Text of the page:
NFL and NHL Pump Up Fans with Music from BMI Scribes

Posted in News on November 4, 2008

“Pump It,” recorded by the Black Eyed Peas, was the most-performed song at National Football League (NFL) and National Hockey League (NHL) games last season, according to Broadcast Music, Inc. (BMI). “Sports teams use ‘Pump It’ to fire up crowds and get them chanting and dancing for the home team,” said Del Bryant, BMI President and CEO. “Sports fans feel great when this song is playing, regardless of the score.” Co-writers on the song include Black Eyed Peas members’ and, along with Thomas Van Musser. The song appears on the group’s album Monkey Business, released in 2005.

BMI is the largest performing right organization in America. The company collects and distributes royalties for more than 375,000 songwriters, composers and music publishers, who own 6.5 million musical works, more than half the music currently played in the United States.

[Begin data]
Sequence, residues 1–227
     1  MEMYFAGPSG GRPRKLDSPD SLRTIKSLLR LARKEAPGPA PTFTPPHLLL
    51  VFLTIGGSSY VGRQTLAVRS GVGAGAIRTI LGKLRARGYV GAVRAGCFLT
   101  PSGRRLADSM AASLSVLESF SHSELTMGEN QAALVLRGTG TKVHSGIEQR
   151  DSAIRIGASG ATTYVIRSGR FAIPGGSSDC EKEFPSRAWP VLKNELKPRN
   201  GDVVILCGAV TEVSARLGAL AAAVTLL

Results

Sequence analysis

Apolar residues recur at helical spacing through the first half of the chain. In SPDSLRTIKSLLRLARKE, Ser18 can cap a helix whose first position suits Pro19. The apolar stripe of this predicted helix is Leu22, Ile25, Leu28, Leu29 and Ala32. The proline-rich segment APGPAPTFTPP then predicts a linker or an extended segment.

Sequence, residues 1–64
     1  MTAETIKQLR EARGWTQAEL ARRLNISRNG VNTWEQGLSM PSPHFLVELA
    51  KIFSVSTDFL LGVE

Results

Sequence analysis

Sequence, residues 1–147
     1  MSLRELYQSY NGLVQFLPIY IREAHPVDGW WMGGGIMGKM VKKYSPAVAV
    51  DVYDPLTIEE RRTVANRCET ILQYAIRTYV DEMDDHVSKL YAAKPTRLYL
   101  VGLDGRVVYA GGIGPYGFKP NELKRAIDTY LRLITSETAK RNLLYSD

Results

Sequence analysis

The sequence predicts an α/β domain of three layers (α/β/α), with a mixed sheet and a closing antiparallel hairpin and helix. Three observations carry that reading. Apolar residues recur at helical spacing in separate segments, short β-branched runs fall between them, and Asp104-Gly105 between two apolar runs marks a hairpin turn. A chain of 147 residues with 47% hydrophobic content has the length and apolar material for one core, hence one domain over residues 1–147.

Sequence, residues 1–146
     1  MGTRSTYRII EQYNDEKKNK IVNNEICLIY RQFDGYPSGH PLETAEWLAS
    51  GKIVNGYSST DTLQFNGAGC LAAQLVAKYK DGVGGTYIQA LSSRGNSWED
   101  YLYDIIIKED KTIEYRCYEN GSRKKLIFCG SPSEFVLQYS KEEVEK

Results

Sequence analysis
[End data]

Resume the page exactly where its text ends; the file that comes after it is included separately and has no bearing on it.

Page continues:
BMI pays songwriters annually for songs performed during the preceding sports season and recently distributed royalties for the 2007-2008 stretch of NFL and NHL games. Using reports provided by teams, BMI tallies and distributes royalties based on the number of performances each song receives during games, including the Pro Bowl and Super Bowl. Royalties for specific song performances are determined by game attendance and size of licensing fees paid by the teams. More than 1,600 song titles were captured in the reports, which covered the period from July 1, 2007 through June 30, 2008.

“Twilight Zone” claims the second spot on the list. A heart-thumping rap written by Jean-Paul DeCoster and Phil Wilde, “Twilight Zone” was released in 1992 by 2 Unlimited, a band from the Netherlands. The third most popular song at NFL and NHL games is “Pretender,” co-written and recorded by Foo Fighters members Dave Grohl, Chris Shiflett and Nate Mendel. Rounding out the top ten most-performed BMI sports songs are “Song 2,” “We Will Rock You,” “Stronger”, “Cowboys from Hell,” “Machinehead,” “Woof” and “Black Betty.”